It all began on July 27, 1940. Sugihara left his wife Yukiko and their three children in their quarters upstairs and went down to his ground-floor office. But minutes later, he reappeared upstairs, rushed to the window, and pulled back the curtains to show Yukiko what was happening outside. A crowd was pressed up against the metal fence that used to surround the consulate.
Most were Polish refugees who had fled to Lithuania to escape the brutality in their Nazi-occupied country. Unlike most Lithuanian Jews who reluctantly accepted there was little hope of escape, the Polish Jews pursued every possibility, however unrealistic. They had seen first-hand what the Nazis were capable of and knew they were not safe.
To leave Lithuania was extraordinarily difficult and required three different visas. First there was an end visa, or the official approval of a final destination country. Then there was a transit visa, or permission to travel through whichever other countries were on the way. And finally, there was an exit visa for permission to leave the Soviet Union. It was practically impossible to get even one of these visas, much less all three, as the free world had shut its borders. But the Polish refugees never gave up. They pored over world maps and visa regulations even as diplomats themselves were packing up.
Word of a possible escape route began to circulate when the Dutch ambassador in Riga, L.P.J. de Decker, agreed to bend the rules. Technically, the far-flung Dutch island of Curacao did not require an entry visa, and De Decker kindly didn't mention that that entry required permission from the local governor - something that was rarely granted. De Decker authorized his diplomatic colleague in Kaunas, Jan Zwartendijk, to exploit this loophole, which he did, also earning himself a place in history alongside Sugihara by issuing entry visas in the thousands.
But the Dutch visa was worthless without a transit visa. Those lined up outside the Japanese Consulate could not make this unusual route East without Sugihara's permission. Unlike Ambassador de Decker and Zwartendijk, whose country was occupied by the Nazis, Sugihara still had an official chain of command in his home country, which was soon to enter an alliance with Nazi Germany. He repeatedly wired for permission to grant the transit visas, but never received authorization. In the end, he decided to take personal responsibility: "I finally decided that it was completely useless to continue the discussions with Tokyo, I was merely losing time," Sugihara later wrote.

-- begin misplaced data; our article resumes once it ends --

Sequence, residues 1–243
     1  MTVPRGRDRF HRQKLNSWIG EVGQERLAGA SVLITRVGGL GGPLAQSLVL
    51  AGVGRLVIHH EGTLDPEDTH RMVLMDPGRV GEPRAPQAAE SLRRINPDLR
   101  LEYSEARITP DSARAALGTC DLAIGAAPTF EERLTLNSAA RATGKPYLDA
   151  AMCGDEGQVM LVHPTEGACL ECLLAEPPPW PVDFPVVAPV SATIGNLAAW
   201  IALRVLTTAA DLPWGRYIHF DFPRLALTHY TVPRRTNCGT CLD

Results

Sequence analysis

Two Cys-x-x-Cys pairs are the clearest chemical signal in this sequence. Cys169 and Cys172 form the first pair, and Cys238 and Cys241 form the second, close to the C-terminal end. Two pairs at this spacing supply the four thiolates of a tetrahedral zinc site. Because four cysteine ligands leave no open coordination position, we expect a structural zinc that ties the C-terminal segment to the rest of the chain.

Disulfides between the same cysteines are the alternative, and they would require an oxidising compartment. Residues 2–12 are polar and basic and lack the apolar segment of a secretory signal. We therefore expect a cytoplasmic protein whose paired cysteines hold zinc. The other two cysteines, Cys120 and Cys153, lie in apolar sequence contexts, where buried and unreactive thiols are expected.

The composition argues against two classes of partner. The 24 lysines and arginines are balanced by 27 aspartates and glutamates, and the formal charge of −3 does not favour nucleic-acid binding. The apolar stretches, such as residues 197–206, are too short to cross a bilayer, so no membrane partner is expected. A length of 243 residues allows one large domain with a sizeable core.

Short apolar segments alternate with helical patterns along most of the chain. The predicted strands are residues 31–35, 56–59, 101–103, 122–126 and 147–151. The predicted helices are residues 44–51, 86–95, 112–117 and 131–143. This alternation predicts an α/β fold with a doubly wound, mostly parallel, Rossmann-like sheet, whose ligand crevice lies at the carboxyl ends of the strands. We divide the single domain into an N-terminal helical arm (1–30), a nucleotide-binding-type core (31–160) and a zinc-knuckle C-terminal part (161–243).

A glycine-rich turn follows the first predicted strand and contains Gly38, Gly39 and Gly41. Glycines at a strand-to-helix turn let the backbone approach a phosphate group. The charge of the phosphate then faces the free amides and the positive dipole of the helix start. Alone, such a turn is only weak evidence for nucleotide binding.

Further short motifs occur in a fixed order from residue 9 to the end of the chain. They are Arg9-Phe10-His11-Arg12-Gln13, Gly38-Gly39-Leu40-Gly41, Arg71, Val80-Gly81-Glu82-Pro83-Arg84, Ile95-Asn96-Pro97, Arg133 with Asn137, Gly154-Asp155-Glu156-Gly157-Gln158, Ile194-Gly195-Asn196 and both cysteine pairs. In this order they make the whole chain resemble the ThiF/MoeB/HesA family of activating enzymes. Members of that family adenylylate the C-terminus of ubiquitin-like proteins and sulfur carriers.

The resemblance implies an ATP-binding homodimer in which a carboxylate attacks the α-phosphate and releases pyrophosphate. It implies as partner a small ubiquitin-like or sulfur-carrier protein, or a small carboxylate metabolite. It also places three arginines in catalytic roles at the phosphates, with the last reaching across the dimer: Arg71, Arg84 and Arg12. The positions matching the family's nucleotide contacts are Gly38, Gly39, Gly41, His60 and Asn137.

Writing out the elaborate Japanese characters by hand, Sugihara granted visas to all who came to him, working 16 hours per day as the embassy was under mounting pressure to close. He secured special permission to remain open a few weeks longer, and even met with Soviet authorities to encourage them to grant the necessary exit visas. His widow, Yukiko, remembers her exhausted husband writing visas even as they were waiting for their train to leave Kaunas for Berlin, finally rolling westward to shouts of "Thank you" that she has never forgotten. In all, over 2,000 visas were issued, saving many more as whole families traveled on a single Sugihara visa. Yet it wasn't until decades later that he learned his visas had been used successfully.
A hero remembered
After Sugihara was located by survivors in 1968, there were trips to Israel and a full scholarship for his son to study at Hebrew University. A memorial to him was dedicated in Japan a few years after his death in 1986. But in Kaunas, only a street was named in his honor in 1991.
Thanks to the efforts of a non-profit Lithuanian foundation called Sugihara - Diplomats for Life, a small museum finally opened in the city in May 2000. Tourists from around the world as well as local schoolchildren visit the museum in increasing numbers each year.
Today, Vytautus Magnus University operates the Center for Japanese Studies on the upper floors of the house. On the ground floor, is the Sugihara House, where a photo exhibition presents the story in stark black-and-white imagery.
In the office where Sugihara prepared the visas, a period desk and typewriter are on display, but neither actually belonged to the Japanese consul. The only authentic artifact is the Japanese flag that had adorned this building more than 60 years ago.
But the artifacts seem irrelevant compared to the magnificent act they commemorate. To stand in the same office where thousands were granted life-saving visas, it is impossible not to feel inspired by such a selfless act of compassion. Walking down the hill, back to the bustling center of Kaunas, there is time to reflect on the simple but profound power of true idealism.